Small Estates

  This is general information about small estate affidavits. A small estate affidavit may not be appropriate for your situation. If you have questions about using a small estate affidavit, get advice from an attorney.


Small Estate Affidavit

Utah law allows someone handling the estate of a person who died (the decedent) with a "small estate" to use a small estate affidavit to collect personal property (such as money in a bank account, jewelry, clothing, and furniture) instead of going through the probate process. Utah Code 75-3-1201.

There is a separate affidavit that can be used to claim title to up to four boats, motor vehicles, trailers, or semi-trailers registered under Utah law. This affidavit is presented to the Utah Division of Motor Vehicles to transfer title of those vehicles or boats.

A small estate affidavit is not filed with the court. Instead, the decedent's successor fills out the form, signs it in front of a notary, and gives it to any third parties, such as the bank.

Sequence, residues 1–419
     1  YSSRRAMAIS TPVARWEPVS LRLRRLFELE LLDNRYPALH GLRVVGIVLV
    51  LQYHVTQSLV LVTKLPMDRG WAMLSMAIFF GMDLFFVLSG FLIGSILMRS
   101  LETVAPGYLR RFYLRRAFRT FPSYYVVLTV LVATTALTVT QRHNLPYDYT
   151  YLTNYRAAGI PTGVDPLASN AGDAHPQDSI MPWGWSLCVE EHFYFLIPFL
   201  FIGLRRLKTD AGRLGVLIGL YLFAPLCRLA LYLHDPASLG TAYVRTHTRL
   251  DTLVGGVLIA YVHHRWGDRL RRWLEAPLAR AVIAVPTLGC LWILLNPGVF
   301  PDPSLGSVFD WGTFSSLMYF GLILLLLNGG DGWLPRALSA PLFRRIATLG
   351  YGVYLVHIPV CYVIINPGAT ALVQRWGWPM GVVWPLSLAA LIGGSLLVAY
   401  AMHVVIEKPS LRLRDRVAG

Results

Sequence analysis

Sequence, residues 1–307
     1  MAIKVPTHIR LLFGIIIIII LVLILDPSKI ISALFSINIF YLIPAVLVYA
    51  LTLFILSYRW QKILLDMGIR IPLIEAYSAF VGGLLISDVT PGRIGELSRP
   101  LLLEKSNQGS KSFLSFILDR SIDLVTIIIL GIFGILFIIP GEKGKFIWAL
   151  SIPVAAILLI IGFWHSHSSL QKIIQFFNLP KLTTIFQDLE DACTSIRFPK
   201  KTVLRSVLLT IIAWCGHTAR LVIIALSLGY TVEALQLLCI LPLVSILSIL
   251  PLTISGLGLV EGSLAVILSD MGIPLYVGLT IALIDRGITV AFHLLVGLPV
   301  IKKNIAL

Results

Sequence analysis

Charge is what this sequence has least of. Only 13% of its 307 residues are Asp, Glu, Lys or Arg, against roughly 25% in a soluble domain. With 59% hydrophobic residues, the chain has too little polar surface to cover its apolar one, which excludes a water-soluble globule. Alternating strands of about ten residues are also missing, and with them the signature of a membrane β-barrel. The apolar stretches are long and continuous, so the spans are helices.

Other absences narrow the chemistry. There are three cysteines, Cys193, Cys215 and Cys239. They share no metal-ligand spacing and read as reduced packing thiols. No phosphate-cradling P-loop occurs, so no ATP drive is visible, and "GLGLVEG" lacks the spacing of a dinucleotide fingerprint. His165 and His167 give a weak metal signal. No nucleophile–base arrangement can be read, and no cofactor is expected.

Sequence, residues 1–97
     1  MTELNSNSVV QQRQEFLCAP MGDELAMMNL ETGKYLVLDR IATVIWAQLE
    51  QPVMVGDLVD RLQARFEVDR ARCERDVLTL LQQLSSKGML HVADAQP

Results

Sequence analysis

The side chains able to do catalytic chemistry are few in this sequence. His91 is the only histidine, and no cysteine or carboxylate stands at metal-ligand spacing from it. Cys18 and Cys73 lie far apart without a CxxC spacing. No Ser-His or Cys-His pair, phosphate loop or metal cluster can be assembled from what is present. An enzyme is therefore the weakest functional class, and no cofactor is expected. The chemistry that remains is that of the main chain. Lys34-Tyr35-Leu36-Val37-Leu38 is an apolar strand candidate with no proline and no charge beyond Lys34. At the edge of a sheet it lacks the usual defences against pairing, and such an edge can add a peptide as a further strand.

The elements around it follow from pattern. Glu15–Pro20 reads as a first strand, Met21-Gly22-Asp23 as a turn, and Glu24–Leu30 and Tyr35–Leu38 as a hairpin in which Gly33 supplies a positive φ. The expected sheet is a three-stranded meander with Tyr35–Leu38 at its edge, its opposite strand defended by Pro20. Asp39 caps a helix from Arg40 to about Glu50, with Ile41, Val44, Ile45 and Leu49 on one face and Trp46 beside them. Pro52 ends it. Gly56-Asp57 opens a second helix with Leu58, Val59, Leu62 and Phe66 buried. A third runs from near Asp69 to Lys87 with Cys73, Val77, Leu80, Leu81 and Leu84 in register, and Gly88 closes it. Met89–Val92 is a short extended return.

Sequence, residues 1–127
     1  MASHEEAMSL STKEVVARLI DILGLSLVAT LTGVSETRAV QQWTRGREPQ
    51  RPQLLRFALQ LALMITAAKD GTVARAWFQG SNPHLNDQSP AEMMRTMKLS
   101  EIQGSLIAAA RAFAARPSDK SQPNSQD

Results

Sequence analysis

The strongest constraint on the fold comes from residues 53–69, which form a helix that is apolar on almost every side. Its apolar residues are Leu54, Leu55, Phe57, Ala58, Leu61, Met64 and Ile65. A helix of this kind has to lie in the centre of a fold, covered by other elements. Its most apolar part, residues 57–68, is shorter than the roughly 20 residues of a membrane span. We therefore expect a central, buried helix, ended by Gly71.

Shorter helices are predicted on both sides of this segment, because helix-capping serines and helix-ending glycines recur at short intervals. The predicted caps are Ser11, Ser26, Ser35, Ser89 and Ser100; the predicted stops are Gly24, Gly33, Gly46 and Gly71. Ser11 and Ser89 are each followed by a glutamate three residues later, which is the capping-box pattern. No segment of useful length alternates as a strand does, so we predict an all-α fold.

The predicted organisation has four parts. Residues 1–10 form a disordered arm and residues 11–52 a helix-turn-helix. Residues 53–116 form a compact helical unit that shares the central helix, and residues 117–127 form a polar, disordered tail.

A small estate affidavit may be used if:

  • the entire value of the estate is under $100,000,
  • there is no real property,
  • at least 30 days have passed since the death, and
  • no application for appointment of personal representative has been filed.

A small estate affidavit cannot be used to transfer title to real property like land or a house.

If the estate does not meet the requirements listed above, it may be necessary to open a probate case instead. See the Informal Probate web page for information about that process.